The core ideas of Conservatism

  • Created by: dbrennan
  • Created on: 23-05-19 17:22

Human nature

  • Regressive point of view.
  • Human frailty and fallibility.
  • A philosophy of imperfection.
  • Descriptive not prescriptive view.
  • Human nature is as it is not as it should be.
  • Fixed and constant.
  • Politicians to accomodate, not alter it.
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Society

Localism:

  • Society is a collection of localised communities/'little platoons'.
  • Communities provide their individuals with security, status and inspiration.
  • Community acts as a break upon selfish individualism.

Organicism:

  • Cannot be created, it emerges gradually and organically.
  • Reality of an unplanned, organic society proves that human life is subject to complex forces beyond the scope of reason. 
  • Like a plant, growing in a way that can never be wholly predicted.

Empiricism:

  • Deal with social issues in a practical, evidential way.
  • Deal with society with an 'this is how it is' attitude.
  • Conservative society aims to stay afloat rather than sail towards a specific destination. 
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Human nature

Tradition:

  • Customs and habits provide security.
  • Change must be slow and steady, respectful and not contemptous of the past. 
  • Evolutionary attitude social improvement.

Hierarchy:

  • Imperfections of humanity lead seamlessly to inequalities with human nature.
  • 'The wiser, stronger and more opulent' establish a hierarchy of power and privilege. 
  • Privilege of power and authority comes with great responsibility. 
  • Paternalism/noblesse oblige: the fatherly obligation that a ruling class has to society as a whole.
  • Hard paternalism: elites decide what is best for the rest, irrespective of what the rest want.
  • Soft patneralism: power rests with elites but elite decisions will usually be preceded by listening to what the non-elites want. 
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Human nature

Judeao-Christian morality:

  • Strong attatchment to religion.
  • Traditional family structure (adverse to gay marriage).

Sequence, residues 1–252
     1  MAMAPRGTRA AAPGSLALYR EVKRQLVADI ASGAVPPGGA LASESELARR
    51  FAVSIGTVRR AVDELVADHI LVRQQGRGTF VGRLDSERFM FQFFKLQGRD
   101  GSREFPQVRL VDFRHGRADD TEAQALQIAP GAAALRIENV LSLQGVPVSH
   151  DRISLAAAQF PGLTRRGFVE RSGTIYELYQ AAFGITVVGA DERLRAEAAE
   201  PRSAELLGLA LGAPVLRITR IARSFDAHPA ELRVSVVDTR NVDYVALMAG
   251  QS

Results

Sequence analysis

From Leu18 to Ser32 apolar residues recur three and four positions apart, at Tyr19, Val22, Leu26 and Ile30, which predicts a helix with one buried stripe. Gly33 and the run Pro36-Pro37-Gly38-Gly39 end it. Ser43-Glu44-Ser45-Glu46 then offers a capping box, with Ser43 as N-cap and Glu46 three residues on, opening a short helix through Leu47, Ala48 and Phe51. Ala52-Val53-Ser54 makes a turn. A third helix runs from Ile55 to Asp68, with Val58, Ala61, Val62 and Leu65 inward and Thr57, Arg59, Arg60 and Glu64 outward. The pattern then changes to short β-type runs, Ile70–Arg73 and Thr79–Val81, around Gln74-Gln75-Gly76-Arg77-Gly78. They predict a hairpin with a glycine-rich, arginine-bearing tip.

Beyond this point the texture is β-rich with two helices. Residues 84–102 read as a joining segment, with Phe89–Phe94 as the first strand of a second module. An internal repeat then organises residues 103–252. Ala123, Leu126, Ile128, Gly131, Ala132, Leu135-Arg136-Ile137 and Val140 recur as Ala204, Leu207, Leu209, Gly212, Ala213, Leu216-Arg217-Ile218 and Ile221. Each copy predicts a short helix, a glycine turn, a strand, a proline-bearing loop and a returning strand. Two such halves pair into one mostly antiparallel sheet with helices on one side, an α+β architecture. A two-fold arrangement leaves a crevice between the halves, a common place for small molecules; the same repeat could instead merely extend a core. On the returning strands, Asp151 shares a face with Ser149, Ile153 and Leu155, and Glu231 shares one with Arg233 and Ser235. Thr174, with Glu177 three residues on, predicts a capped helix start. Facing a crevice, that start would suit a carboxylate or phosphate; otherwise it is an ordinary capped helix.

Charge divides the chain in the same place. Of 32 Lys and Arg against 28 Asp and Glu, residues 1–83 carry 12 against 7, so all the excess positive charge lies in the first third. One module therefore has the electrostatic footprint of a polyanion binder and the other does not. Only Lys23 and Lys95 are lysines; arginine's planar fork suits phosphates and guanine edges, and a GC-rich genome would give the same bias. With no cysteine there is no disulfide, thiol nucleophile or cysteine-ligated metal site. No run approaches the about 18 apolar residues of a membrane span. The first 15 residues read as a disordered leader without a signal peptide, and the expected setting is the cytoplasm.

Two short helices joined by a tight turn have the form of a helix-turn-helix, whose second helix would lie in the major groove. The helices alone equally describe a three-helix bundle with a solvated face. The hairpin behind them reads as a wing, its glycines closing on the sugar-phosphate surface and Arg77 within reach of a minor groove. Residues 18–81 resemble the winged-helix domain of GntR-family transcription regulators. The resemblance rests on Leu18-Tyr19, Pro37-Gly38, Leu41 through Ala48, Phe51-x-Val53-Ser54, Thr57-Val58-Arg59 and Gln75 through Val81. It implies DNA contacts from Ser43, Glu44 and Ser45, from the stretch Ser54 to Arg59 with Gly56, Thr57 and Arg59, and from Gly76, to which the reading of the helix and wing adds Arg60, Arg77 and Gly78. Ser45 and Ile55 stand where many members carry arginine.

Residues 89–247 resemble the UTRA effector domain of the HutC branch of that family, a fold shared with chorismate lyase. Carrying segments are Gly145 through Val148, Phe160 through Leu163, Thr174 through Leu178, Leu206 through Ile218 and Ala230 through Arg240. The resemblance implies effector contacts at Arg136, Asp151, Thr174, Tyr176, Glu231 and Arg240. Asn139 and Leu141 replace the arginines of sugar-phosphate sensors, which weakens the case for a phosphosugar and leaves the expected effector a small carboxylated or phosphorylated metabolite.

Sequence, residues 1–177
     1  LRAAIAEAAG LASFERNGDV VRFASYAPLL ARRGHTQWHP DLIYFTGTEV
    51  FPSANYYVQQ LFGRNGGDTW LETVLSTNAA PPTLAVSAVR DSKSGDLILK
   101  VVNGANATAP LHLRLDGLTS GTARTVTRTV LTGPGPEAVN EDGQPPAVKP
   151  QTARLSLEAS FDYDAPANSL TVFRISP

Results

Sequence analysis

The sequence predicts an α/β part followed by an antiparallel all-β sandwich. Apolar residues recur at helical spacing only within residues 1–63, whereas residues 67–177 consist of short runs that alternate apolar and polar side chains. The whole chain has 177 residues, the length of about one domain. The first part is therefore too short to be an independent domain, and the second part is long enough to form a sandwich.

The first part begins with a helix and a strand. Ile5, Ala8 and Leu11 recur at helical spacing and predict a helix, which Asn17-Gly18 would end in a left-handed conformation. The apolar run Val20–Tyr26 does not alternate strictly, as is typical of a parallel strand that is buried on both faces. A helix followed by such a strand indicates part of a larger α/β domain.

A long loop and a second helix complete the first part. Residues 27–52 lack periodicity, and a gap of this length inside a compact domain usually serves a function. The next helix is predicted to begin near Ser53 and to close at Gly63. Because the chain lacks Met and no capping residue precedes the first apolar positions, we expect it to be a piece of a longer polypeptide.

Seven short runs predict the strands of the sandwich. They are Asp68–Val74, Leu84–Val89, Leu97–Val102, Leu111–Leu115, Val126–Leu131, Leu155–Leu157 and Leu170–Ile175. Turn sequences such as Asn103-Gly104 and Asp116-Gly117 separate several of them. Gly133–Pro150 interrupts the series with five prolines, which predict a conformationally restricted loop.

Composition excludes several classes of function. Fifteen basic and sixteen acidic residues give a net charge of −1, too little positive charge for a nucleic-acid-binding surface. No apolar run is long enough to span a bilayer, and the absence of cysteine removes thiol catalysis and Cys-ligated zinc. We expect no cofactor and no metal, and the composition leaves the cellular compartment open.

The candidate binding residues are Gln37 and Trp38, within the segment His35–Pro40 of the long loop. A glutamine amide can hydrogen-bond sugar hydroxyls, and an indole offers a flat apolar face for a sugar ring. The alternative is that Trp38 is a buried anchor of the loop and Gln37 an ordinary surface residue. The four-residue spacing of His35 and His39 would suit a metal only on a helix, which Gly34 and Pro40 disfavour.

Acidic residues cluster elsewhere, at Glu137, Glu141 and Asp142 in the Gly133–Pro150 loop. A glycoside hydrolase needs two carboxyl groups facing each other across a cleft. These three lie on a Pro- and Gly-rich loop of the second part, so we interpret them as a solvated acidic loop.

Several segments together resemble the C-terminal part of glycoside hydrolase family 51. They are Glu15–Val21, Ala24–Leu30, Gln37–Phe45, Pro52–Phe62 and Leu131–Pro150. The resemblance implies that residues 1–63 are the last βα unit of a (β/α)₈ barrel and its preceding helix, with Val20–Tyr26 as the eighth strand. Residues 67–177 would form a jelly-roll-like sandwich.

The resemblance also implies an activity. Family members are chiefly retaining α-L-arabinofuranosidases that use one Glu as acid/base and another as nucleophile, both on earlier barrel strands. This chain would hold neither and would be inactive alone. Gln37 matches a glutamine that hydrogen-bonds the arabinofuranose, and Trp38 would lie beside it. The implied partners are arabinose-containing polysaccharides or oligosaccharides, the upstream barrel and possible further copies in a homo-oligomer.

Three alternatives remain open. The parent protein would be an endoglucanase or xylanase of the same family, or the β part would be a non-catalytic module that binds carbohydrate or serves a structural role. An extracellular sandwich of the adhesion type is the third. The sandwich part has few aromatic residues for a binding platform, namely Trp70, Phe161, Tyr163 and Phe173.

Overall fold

• Alturism and compassion will help bind individuals together and curb the imperfections. 
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The state

Order and authority:

  • Displinary function.
  • Main goal: ordder, security and authority.
  • Without order there is no liberty.
  • No order until there are clear, undisputed laws backed by firm authority.
  • State precedes society. 
  • State measures the feasability of individual rights as they are depedant upon law and order.

Organic origins:

  • Favour a gradual, unpredictable and organic state.
  • Pragmatic in response to humanity's needs.
  • Do not demand a codified constiution as much.
  • Uncodified/unwritten constitutions evolve organically in response to a constantly changing mankind. 
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The state

A ruling-class:

  • Hierarchical, elitist society.
  • Traditional conservative state realises the notion of a ruling class (power is aristocratic and hereditary rather than democratic). 
  • Merits of class that are born and trained to rule the state.
  • The ruling class must be mindful of its paternalistic responsibilities to society as a whole.
  • Pragmatic/empirical characterisits: necessary legislation when there is a need for new laws.
  • These new laws should ensure order and social cohesion.
  • Averts social upheaval and revolution while maintaing traditional patterns of wealth and power. 
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The economy

  • Captialism nutures, widens economic inequalities, widens the gap between rich and poor.